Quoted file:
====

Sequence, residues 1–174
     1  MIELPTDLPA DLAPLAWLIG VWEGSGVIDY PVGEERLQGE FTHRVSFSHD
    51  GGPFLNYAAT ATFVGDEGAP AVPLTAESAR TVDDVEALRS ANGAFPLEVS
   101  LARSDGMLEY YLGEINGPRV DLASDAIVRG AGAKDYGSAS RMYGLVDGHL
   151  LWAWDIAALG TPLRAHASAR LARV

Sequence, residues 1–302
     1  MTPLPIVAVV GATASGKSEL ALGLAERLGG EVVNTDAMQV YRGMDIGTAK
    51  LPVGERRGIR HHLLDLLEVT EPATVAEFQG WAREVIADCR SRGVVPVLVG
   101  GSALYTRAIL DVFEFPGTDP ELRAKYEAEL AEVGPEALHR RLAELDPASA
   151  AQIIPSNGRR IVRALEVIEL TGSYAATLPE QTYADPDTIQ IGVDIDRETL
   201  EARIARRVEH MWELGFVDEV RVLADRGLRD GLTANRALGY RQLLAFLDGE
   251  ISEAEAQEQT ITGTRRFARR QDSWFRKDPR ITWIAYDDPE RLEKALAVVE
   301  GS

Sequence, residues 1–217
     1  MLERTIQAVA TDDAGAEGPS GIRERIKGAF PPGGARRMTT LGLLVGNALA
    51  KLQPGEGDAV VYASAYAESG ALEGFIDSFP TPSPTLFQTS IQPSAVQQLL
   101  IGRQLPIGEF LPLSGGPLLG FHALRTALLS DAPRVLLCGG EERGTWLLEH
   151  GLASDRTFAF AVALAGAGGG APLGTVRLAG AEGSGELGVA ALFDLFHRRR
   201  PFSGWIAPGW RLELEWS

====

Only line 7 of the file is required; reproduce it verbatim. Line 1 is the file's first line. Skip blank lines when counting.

     1  MTPLPIVAVV GATASGKSEL ALGLAERLGG EVVNTDAMQV YRGMDIGTAK